René Lacerte is the founder and CEO of Cashview, a Web-based cash management solution delivered as a SaaS. Prior to Cashview, René founded PayCycle, which I covered recently. In this interview, we will trace the thinking of a serial entrepreneur who brings substantial SME and SaaS expertise to the table.
SM: René, I would like to start by reviewing your background. Where are you from, where did you grow up and where do your entrepreneurial roots come from?
RL: I come from four generations of entrepreneurs. My great grandfather had a couple of general stores, and my grandfather had seven businesses. His first was trading fish with [North American] Indians when he was teaching English to the Indians in northern Canada. He was using his salary to buy and trade fish.
After teaching English for a year, he returned with $5,000 in the bank. His father had told him whatever he came back with, he would match. When his father matched his $5,000, he had $10,000 to put up his own general store. He also did a lot of innovative stuff in the farming area in Canada, after which he got involved with citrus in Florida, which was followed by data processing in the 1960s for accountants and small businesses. My dad joined him in the 1960s and is now on his fifth business, all of which have been targeted at small business financial services. I have cousins who have started a company called Lacerte Tax, which was targeted at accountants to serve small businesses.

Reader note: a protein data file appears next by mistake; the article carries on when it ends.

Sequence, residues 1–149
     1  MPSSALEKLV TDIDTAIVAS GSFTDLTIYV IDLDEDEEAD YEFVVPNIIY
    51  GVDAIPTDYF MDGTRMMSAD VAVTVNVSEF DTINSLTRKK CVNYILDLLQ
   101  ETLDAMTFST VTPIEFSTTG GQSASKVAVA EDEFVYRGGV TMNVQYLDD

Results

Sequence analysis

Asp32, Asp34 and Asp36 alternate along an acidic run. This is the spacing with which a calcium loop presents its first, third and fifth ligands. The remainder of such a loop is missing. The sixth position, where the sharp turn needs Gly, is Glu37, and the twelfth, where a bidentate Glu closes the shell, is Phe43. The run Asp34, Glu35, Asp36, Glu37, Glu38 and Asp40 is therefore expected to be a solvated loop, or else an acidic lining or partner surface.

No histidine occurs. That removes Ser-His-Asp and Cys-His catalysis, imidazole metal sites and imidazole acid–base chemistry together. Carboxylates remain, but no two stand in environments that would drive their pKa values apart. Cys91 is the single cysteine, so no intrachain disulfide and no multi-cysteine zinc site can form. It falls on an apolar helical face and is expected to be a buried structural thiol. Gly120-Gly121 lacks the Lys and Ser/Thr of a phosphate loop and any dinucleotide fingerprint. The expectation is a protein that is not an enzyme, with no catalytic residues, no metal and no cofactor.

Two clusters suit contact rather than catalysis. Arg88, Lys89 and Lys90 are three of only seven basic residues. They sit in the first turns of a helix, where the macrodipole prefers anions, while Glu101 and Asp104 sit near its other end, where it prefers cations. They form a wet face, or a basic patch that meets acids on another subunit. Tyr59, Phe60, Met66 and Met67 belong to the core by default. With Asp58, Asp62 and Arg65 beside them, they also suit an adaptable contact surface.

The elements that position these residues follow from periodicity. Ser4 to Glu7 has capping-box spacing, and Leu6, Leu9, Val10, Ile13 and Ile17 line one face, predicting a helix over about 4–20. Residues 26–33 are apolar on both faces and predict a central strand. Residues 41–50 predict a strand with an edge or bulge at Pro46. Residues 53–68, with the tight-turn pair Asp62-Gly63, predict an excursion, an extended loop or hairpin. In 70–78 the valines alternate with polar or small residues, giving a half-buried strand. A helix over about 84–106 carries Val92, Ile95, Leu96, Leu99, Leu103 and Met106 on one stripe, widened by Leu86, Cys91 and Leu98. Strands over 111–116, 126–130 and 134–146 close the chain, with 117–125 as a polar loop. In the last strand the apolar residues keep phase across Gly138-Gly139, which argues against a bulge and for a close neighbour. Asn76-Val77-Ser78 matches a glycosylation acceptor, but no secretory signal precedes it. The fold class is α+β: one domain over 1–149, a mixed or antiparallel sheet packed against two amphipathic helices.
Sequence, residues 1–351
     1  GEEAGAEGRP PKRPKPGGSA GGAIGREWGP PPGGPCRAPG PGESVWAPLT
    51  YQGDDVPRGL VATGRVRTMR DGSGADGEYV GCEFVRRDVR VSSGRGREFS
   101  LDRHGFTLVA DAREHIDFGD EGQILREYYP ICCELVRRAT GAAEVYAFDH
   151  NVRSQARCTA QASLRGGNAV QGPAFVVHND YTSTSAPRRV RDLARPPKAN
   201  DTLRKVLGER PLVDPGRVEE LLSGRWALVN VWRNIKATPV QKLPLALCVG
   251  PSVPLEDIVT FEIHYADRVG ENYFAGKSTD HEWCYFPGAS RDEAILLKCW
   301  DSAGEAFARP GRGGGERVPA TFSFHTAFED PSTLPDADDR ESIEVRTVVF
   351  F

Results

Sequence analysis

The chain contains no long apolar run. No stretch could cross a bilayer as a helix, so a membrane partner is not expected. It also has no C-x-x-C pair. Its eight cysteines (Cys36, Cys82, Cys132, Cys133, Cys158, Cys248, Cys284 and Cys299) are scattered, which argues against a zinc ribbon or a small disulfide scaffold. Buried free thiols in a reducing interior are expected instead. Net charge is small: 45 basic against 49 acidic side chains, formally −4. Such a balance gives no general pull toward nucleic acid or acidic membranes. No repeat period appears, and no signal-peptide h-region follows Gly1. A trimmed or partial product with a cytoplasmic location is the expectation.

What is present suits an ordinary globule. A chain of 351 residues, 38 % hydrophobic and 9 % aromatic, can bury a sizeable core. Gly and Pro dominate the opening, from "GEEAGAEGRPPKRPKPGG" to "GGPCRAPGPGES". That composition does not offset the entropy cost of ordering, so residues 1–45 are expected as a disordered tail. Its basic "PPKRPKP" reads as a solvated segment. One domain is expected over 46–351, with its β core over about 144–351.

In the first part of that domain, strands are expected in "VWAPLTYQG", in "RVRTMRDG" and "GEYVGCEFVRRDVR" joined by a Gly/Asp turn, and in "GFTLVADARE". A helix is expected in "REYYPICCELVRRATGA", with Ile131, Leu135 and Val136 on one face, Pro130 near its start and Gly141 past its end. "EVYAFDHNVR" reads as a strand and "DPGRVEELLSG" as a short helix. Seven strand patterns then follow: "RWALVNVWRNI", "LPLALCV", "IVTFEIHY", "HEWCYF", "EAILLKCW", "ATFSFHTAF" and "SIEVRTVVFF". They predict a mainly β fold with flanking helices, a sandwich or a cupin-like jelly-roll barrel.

SM: So you were immersed in the culture of small business-focused businesses and soaked it in.
RL: Absolutely. I grew up talking about starting businesses and running businesses around the dining room table.
SM: Where did you grow up?
RL: In Winter Haven, Florida. I was born in Virginia and moved to Florida when I was ten. My grandfather had picked Florida because of the weather. He had trouble deciding between River City and Winter Haven. In Florida he could grow citrus, which he soon discovered was a shady field at the time. He would agree to purchase a bushel of citrus for $1.50, and when he returned the following week, the individual who shook his hand then told him that the price was $1.65. This led to him getting out of that business very quickly which is why he shifted to data processing for small businesses. That was in the late 1950s, early 1960s.
My dad and him sold his company to ADP in the late 1970s. Payroll has been in the blood for a long time. The funny story is this; the night I was born, which was in Washington, DC, there was a particular job which needed to get done which my dad did not trust anybody else to do. This job involved a lot of punch cards, so my mom was carrying around 50-pound trays of punch cards to load them into the sorter, it was all accounting stuff, and that threw her into labor and I came out three hours later.